Cisco security researchers have positively identified a malicious spam campaign targeting LinkedIn users with fake contact requests.
Unsurprisingly, the e-mail "contact" message contains a nefarious link that, if followed by the recipient, attempts to install malicious software.
According to Cisco, the malware associated with the LinkedIn campaign is a variant of the Zeus data theft family which operates by embedding itself in a user's web browser.
The malware is then well positioned to execute various malicious tasks, including stealing a user's online banking credentials.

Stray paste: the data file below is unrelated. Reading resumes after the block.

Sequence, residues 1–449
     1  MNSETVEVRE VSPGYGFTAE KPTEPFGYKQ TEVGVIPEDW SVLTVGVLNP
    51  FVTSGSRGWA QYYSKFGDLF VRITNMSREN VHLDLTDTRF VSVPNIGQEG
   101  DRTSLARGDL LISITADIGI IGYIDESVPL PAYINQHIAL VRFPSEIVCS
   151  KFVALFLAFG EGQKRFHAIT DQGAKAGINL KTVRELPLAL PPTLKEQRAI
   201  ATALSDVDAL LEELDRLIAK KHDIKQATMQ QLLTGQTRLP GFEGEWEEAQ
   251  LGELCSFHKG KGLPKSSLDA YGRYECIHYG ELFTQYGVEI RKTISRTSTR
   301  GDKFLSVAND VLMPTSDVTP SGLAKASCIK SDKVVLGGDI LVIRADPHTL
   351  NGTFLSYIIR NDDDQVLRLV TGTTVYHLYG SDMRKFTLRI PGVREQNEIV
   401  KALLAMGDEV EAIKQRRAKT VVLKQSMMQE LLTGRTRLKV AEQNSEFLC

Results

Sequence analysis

"Targeting social network users for distributing financial malware is a smart move for the criminals. These attacks are much more likely to succeed than phishing attacks on banks," security expert and Trusteer CEO Mickey Boodaei told GlobalSecurityMag.
"Once Zeus [is] installed on the user's computer then the criminals get access not only to login information - but also to real-time transactions and other sensitive information on the victim's computer."
Boodaei also warned that Zeus malware was currently being modified by cybercriminals to attack smartphone users.
"The spread of Zeus into mobile platforms marks the beginning of a new era of malware mobility. What's dangerous in this approach is that the same malware controls two communication channels: the PC and the mobile device.
"As a result, [Zeus] can launch extremely effective attacks against banks and organizations that rely on these two channels for authentication and transactions," he added.